Zach Brown agrees to terms with Redskins, per source—Since Kirk Cousins’ departure was a foregone conclusion, Brown was the Redskins’ most important free agent. His retention provides continuity in the defense and that will benefit both the team and Brown. His contract (preliminary numbers three years, $24 million) showed that the Redskins are willing to invest some money in the inside linebacker spot for the first time since Joe Gibbs brought in London Fletcher to play middle linebacker in 2007.

Report: Kirk Cousins to sign epic new deal with Vikings—We heard you, folks. The collective voice of the fans who visit NBC Sports Washington on a regular basis let us know that you were not interested in a lot of posts about the Cousins saga that was unfolding in Minnesota. So this was one of very few articles on Cousins that we posted even though Cousins posts have been popular, but with the vast majority of traffic coming from out of town. So, you’re welcome. It should be noted that we will write about Cousins in the future but infrequently.

Redskins officially announce 5-year deal with WR Richardson—He was the opening act for the Alex Smith press conference, and he handled himself very well. If Richardson is even moderately successful I think he will be a major fan favorite.  

Tweet of the week

Here is what fans need to know—a team can afford to do virtually anything it wants in free agency in a given year. If they wanted to the Redskins could restructure deals and sign all of their free agents to contracts that have very small first-year cap hits, creating room to sign the Honey Badger or Suh. The problems come in later years when the cap space you pushed back starts to pile up. The Redskins generally do squeeze free agent contracts into relatively small cap spaces. For example, Richardson’s deal average $8 million per year but the 2018 cap hit is just $4 million. But they don’t like to restructure deals to push money back into later years. That created problems during the Vinny Cerrato years.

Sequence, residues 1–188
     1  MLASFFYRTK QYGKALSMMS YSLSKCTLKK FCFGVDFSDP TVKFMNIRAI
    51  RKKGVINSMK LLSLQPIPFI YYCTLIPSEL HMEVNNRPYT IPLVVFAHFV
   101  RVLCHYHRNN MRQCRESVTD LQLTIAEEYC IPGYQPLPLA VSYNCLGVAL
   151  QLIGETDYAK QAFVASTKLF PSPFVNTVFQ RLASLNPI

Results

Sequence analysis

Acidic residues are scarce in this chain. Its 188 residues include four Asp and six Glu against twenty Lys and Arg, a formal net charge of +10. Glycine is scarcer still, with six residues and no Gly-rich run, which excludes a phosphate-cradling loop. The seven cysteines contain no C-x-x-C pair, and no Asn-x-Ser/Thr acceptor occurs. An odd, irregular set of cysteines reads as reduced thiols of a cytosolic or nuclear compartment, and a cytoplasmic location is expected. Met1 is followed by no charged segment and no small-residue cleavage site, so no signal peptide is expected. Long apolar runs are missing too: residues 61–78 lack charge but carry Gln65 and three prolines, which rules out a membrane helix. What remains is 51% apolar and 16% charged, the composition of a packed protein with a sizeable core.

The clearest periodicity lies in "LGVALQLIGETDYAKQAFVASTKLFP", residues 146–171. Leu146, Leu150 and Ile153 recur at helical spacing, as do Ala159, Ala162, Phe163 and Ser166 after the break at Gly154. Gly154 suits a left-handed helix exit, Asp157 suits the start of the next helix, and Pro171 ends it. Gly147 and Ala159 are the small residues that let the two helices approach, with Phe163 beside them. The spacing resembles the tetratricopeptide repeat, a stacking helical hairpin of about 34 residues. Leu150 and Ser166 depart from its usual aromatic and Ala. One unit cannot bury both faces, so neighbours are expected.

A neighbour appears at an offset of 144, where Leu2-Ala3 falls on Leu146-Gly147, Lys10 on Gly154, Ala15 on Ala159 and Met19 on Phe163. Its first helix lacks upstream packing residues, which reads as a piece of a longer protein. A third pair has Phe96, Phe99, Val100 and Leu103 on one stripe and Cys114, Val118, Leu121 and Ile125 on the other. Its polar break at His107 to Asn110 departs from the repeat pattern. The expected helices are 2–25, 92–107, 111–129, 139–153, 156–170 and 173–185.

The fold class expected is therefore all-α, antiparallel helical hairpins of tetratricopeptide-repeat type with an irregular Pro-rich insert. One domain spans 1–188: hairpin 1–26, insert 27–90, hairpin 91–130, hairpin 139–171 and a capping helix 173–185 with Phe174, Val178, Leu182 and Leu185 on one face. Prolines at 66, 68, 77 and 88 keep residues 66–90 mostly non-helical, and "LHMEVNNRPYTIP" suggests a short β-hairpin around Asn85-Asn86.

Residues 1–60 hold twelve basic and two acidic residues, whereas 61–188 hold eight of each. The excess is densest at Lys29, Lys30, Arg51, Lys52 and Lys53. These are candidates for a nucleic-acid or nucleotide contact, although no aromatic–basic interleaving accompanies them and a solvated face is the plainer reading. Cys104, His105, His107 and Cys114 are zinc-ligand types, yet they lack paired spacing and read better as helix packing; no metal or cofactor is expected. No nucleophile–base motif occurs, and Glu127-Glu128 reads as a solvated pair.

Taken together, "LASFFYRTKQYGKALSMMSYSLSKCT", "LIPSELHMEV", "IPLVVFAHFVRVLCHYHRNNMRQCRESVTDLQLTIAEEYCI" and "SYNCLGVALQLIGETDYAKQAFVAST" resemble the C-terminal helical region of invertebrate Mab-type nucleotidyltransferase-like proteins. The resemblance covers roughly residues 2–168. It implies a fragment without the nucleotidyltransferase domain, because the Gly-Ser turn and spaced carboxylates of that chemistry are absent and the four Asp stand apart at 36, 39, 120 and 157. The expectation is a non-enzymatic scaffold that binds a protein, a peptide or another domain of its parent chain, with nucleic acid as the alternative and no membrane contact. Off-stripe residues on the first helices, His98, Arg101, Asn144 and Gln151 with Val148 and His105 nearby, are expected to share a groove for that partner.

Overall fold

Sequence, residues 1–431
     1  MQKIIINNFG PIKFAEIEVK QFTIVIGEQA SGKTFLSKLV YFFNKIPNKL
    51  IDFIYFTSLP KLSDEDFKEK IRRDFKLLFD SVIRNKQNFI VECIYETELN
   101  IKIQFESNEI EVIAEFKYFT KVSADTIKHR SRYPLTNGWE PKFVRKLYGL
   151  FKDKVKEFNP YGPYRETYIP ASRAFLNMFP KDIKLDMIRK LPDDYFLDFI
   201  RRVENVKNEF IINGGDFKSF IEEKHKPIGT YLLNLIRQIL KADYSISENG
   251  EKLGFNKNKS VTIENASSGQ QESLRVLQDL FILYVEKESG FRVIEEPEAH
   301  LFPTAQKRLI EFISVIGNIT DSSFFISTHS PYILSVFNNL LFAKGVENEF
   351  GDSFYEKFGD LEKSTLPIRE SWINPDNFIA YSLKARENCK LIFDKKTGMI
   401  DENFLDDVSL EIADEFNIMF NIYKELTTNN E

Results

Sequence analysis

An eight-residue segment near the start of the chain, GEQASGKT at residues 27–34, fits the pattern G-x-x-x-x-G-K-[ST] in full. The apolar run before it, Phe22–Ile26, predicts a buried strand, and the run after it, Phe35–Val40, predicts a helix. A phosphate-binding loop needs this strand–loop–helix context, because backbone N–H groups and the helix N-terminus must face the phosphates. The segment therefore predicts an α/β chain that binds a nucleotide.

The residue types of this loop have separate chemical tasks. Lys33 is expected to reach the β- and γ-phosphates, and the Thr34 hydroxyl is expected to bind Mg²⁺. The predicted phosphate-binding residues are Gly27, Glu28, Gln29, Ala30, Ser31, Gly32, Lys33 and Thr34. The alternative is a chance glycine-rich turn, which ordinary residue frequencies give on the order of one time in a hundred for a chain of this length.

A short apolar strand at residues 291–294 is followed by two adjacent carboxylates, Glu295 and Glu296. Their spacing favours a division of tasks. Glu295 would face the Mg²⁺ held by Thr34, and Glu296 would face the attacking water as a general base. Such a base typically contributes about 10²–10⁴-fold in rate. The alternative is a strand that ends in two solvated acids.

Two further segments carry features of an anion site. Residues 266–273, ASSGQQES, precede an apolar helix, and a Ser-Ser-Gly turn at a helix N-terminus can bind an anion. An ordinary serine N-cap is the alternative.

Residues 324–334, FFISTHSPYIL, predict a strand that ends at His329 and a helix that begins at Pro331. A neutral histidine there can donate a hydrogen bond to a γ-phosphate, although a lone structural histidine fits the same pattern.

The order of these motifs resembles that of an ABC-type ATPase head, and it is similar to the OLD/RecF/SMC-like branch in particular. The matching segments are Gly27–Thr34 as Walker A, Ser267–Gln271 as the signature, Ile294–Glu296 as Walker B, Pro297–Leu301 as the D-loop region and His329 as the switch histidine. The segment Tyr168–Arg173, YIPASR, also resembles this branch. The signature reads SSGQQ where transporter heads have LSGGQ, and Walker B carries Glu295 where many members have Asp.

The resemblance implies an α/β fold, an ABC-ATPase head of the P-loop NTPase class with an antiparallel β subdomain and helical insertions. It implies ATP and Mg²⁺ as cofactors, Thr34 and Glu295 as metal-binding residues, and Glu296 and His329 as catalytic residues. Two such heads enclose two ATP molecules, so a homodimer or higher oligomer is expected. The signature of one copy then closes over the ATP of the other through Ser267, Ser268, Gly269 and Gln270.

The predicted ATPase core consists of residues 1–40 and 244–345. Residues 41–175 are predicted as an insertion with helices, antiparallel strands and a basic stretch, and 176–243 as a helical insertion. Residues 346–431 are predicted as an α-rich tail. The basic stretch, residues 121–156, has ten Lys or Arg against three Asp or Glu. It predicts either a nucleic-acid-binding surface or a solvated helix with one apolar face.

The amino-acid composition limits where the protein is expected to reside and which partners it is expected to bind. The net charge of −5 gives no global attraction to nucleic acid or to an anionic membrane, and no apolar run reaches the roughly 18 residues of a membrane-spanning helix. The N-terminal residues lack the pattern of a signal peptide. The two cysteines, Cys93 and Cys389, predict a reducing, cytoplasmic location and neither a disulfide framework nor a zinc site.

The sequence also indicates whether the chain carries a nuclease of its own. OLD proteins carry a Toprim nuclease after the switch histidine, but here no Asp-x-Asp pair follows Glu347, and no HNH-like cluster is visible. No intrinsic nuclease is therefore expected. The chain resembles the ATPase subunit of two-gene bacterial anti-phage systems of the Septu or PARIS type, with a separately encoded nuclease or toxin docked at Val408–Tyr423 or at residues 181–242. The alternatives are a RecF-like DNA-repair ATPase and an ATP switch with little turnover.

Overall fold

Stay up to date on the Redskins. Rich Tandler covers the team 365 days a year. Like his Facebook page and follow him on Twitter @TandlerNBCS.


Days until:

—Offseason workouts begin (4/16) 30
—Training camp starts (approx. 7/26) 132
—2018 NFL season starts (9/9) 176

In case you missed it

Quick Links

Bashaud Breeland the latest former Redskin to fail a physical; won't be signing with Panthers

USA Today Sports Images

Bashaud Breeland the latest former Redskin to fail a physical; won't be signing with Panthers

The Redskins had to say good bye to several key players as the 2018 NFL free agency period began.

Cornerback Bashaud Breeland was one of those players.

On Tuesday, Breeland reported agreed to a 3-year, $24 million deal with the Carolina Panthers.

But on Friday afternoon it was reported that Breeland failed a physical, which means he won't be signing with the Panthers, per Panthers reporter Bill Voth.


If this sounds familiar, it's because it is familiar.

Redskins wide receiver Ryan Grant intended on signing a four-year, $29 million deal with the Ravens. But a failed physical just a day before his introductory press conference meant a voided contract and back to the drawing board.

According to multiple reports, Breeland's failed physical was due to a recent non-football injury. Breeland and the Panthers could still come to an agreement, but the former Clemson star is now back to being a free agent and will have to pass a physical before officially signing with a new team.

According to ESPN's David Newton, Breeland injured his foot on vacation in the Dominican Republic and will need his skin grafted in order to repair the injury.

The Redskins were one of the NFL's most injured teams in 2017, and that trend appears to have extended to the offseason.